Archive for ‘March, 2011’


April is the coolest month: San Gabriel Valley Poetry Festival

April is the coolest month: San Gabriel Valley Poetry Festival

April is the month when trees and flowers open; we celebrate April Fools, Arbor Day, and Earth Day; and do our taxes. It is also the time to celebrate National Poetry Month and the second annual San Gabriel Valley Poetry Festival. “Last year’s festival was so successful we decided to make it an annual event,” […]

Multicolored

Multicolored

When Jon and I were first married, we painted the walls and doors of our West LA house about a dozen different colors. It was kind of like living inside of a kaleidoscope. All you had to do was turn your head for festive, ever changing views of what would have otherwise been a fairly […]

Santa Ana’s gentrification wars

Santa Ana’s gentrification wars

Does downtown Santa Ana need a face lift? The Santa Ana City Council has proposed multiple projects to upgrade housing and bring new business activity to the area. But some very vocal and active groups oppose this redevelopment. They argue that these changes will push out family owned businesses and negatively transform the character of […]

Losing your job to a machine

Losing your job to a machine

How would you feel about a vending machine, instead of a person, serving you your warm pizza, with your topping of choice; asking you if you’d like to buy boxers or briefs; and dispensing your morning coffee or box of cigarettes at the gas station? To cut costs, companies are increasingly turning to machines instead […]

Sandwiches by Connal

Sandwiches by Connal

We were hungry, and as is often the case we couldn’t bring ourselves to cook. All we wanted was a sandwich. What we got was neighborhood regulars regaling us with recommendations (“Ask for well-done fries, they do ’em a little light–you’ll learn…”) and stories (“Did you see that youtube video…”) and ideas for next time […]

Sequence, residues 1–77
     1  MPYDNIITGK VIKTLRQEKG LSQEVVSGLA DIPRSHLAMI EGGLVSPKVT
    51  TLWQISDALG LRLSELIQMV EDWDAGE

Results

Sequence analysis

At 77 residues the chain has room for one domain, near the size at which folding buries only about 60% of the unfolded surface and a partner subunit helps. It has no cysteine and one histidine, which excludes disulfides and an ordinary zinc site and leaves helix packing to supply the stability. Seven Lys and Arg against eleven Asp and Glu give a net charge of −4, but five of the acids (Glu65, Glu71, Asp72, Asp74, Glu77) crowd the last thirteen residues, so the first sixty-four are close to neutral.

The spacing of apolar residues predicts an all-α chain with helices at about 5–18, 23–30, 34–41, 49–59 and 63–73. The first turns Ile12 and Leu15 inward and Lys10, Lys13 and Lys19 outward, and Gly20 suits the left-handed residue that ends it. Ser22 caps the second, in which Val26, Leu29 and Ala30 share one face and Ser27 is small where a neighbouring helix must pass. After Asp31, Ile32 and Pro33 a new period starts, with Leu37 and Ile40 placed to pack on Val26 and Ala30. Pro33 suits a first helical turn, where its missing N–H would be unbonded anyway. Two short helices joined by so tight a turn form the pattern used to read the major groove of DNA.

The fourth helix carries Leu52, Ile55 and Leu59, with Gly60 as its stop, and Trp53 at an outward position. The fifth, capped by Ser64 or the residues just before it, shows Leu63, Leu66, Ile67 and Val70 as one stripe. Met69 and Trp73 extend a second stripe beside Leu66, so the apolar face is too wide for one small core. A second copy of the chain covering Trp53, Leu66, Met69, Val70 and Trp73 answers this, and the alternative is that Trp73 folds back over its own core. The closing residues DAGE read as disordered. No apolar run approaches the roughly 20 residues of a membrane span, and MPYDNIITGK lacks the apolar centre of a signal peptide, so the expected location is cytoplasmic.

New Traffic Signal in Pasadena Aides Pedestrians Crossing Street

New Traffic Signal in Pasadena Aides Pedestrians Crossing Street

I’m always glad to see investments by the city when it comes to pedestrian oriented development. In the Playhouse District, a new traffic signal has gone up at the intersection of Union and Oakland, which can get pretty busy with … Continue reading → Read the Full Story at Brigham Yen

Tin Roof Bistro

Tin Roof Bistro

WHY Excellent and affordable cocktails and wine by the glass, a killer burger and farmers’ market produce. WHAT Mike Simms has hit a home run with this new indoor-outdoor bistro that rises above its shopping-mall setting. Skip the undercooked pizzas in favor of the terrific curry spinach dip, thick burgers, salads, roast chicken, fresh fish […]

A Car of One’s Own

A Car of One’s Own

Virginia Woolf was once asked why she liked driving so much. “The sense it gives one of lighting accidentally,” she said, “like a voyager who touches another planet with the tip of his toe, upon scenes which would have gone on, have always gone on, will go on, unrecorded, save for this chance glimpse. Then […]

Raise Your Hats Ladies And Gentlemen

Raise Your Hats Ladies And Gentlemen

By Susan Motander Rather than “Hats Off” to the Pasadena Museum of History, it was definitely a hats on event for the opening of its new exhibit, “Mad for Hats,,” a retrospective of millinery trends starting in the 1800s. At the reception, attendees were encouraged to don their favorite chapeau. And the favorites ranged from […]

Joseph Nye’s The Future of Power

Joseph Nye’s The Future of Power

In a world where China and India are growing in influence, what is the place of the perennial superpower the United States? Nye, an international relations theorist, works on answering this question in his book <i>The Future of Power</i>. In this book, he focuses on applying his theory of ‘smart power’ to explain past historical […]

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